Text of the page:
Aikyam (ऐक्यम्) - Oneness
As human beings, we quickly feel alone or disconnected, especially during a world-wide pandemic that separates us from friends, like-minded people or family. The reason for feeling alone or separated is that our senses are limited and allow us to notice just particular sections of the reality around us. Our eyes see each of us as separated beings and our brain cells believe that what we see is the truth. However, apart from what we see, there is a much deeper level of being. The entire world consists of neutrons, protons and electrons. On this energetic level, we are all one and all connected.
According to the yogic philosophy, we are all one in our essence as we originate from the same source. In our essence we are all connected. All that exists, will exist and ever existed is part of one infinite energy. All beings are part of this infinite consciousness. Practicing yoga and other spiritual practices like meditation, mantra or mudra allows us to get back into the state that we all derive from. It allows us to feel united even if we are by ourselves. It allows us to feel connected to the person next to us even if he or she looks, acts or styles differently. It allows us to feel one with nature, animals and all beings around us.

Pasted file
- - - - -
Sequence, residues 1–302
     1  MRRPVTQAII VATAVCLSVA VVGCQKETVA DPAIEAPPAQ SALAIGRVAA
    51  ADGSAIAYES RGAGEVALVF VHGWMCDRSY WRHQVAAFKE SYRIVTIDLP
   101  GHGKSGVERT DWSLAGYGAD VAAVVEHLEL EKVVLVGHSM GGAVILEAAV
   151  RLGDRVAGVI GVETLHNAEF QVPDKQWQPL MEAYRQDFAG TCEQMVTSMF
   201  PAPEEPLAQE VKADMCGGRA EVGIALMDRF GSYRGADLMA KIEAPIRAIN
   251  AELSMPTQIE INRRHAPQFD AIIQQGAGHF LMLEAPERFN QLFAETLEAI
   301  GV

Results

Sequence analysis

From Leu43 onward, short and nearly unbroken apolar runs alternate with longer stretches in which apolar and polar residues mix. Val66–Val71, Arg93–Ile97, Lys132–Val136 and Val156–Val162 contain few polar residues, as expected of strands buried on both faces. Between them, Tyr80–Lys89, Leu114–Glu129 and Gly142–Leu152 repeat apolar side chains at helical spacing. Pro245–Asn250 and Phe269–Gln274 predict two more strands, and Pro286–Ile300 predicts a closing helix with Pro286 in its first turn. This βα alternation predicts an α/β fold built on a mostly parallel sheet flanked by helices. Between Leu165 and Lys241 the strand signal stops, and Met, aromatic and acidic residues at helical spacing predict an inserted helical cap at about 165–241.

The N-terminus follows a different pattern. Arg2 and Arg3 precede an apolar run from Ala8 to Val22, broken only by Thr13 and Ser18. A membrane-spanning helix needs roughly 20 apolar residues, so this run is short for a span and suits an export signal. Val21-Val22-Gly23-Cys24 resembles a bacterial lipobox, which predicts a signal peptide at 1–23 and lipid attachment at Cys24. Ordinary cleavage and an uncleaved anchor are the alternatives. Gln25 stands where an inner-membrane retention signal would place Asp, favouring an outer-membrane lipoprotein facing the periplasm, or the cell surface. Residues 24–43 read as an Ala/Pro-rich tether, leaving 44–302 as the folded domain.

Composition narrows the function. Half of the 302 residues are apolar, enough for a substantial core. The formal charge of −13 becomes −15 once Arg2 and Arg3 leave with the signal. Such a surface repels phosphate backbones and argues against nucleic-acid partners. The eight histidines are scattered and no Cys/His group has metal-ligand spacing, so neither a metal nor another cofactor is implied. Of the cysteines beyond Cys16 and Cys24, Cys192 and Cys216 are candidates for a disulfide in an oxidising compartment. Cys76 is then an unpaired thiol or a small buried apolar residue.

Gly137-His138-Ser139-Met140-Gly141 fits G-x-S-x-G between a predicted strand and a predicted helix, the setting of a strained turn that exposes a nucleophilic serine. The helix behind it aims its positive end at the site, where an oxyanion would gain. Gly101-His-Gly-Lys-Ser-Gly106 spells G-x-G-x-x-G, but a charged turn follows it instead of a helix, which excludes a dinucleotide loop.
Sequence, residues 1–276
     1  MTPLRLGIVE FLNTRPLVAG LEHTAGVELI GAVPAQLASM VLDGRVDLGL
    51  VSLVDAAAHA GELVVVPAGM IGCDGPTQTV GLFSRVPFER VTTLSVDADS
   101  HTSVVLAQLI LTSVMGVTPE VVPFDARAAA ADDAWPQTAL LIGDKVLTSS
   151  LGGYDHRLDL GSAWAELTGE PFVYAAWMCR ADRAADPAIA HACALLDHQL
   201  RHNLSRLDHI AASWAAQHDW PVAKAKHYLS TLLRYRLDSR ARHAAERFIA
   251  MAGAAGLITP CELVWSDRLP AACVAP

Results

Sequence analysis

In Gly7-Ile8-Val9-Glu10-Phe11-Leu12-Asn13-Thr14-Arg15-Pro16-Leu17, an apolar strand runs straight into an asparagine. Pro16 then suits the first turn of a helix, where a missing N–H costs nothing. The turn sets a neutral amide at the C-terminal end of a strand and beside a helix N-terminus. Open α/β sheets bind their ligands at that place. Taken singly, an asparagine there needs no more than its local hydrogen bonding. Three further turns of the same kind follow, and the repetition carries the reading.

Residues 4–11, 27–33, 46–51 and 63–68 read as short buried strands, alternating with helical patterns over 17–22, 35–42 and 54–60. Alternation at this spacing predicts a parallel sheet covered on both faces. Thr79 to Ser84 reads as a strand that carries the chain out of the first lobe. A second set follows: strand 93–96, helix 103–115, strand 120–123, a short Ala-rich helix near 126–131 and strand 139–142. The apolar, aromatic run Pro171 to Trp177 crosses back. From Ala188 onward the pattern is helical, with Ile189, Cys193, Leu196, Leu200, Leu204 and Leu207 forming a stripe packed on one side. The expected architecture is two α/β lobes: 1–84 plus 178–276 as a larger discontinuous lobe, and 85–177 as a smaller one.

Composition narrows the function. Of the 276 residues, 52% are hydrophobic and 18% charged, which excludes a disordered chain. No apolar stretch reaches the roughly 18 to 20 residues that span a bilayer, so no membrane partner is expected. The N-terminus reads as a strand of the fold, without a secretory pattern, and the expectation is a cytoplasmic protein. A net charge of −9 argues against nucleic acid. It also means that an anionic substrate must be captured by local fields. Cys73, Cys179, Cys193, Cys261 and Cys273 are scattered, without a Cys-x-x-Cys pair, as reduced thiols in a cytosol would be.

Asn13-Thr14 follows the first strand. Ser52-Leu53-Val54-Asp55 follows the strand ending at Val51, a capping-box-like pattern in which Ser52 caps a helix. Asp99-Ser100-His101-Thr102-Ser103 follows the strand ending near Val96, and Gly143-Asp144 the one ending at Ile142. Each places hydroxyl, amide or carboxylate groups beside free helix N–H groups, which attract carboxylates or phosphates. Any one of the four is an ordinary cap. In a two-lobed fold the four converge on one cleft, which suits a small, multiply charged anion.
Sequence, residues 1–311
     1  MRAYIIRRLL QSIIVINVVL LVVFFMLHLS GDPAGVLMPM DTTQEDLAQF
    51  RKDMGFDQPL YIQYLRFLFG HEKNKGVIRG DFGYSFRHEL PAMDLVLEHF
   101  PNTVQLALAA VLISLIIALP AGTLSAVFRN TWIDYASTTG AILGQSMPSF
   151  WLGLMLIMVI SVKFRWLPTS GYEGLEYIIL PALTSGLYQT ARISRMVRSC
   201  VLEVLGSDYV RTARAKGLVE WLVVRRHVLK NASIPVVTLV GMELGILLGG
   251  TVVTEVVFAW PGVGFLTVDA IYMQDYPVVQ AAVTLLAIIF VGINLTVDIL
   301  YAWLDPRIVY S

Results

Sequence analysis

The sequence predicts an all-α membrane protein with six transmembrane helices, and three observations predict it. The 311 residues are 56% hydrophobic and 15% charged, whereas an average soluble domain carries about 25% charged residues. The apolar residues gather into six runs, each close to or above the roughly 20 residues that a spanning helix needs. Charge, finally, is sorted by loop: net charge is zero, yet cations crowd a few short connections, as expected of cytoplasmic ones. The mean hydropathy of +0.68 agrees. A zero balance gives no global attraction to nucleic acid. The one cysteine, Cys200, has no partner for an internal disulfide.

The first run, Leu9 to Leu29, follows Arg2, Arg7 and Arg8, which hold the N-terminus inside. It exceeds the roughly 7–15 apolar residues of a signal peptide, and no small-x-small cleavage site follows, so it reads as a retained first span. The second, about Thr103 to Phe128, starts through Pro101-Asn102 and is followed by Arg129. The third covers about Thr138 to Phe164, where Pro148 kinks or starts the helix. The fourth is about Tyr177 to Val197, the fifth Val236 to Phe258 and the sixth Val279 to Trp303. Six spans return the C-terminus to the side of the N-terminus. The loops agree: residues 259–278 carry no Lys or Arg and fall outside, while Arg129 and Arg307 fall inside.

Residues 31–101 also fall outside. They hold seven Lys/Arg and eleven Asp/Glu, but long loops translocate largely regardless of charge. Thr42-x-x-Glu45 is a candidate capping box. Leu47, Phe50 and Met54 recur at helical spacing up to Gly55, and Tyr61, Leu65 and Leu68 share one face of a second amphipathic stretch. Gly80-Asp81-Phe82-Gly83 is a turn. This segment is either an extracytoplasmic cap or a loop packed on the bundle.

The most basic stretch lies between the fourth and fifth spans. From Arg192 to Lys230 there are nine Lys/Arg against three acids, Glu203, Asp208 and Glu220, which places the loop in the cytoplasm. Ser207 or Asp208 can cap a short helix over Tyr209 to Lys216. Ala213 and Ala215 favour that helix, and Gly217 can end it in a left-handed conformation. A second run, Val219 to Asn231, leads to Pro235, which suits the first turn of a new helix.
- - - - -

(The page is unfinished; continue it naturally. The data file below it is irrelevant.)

Our senses analyze just a limited part of the frequencies and energy fields around us. Our physical body wants to survive in the physical world which is why our thinking mind limits our perception to a certain degree. This reality that derives from our brain serves a certain cause at a certain time. However, in order to stop suffering and to stop feeling separated, it helps to practice self-realization. In our true essence, in our hearts, we are all the same which we might forget in everyday life while being busy with survival.
In the end, we should understand oneness as an ethical challenge to build a more inclusive, more diverse community committed to equal justice for all. That way, we can build a stronger society that helps to heal the world.
How to integrate into your yoga practice:
Sit back to back with another person and synchronize the breathing. Let your breath expand to the other person. Allow yourself to release infinitely outward. You may notice a feeling of bliss, of joy, of expansion and happiness as your breath expands to the other person and even further.
Flowing one movement per breath
Seated: inhale – open arms to the sides, exhale – give yourself a hug
Wheel and as a counter pose lying down with knees together and hands to the heart
Shavasana as a full integration of the yogic practice into body and mind
Humee Hum, Tumee Hum, Wahe Guru
I am Thine, in Mine, Myself, Wahe Guru
(‘I am Thine’ by Jai Jagdeesh on Spotify)
How to integrate into yoga teaching:
Make sure that each student feels comfortable in your class. Tell them to take a break whenever they need to. Make sure to give variations. Be clear that no asana or variation of asana is better or worse than the other. Tipp: You have to believe this with your full heart and practice it for yourself. Only that way, your students will believe that what you say is true and understand that their posture and body are just right the way they are.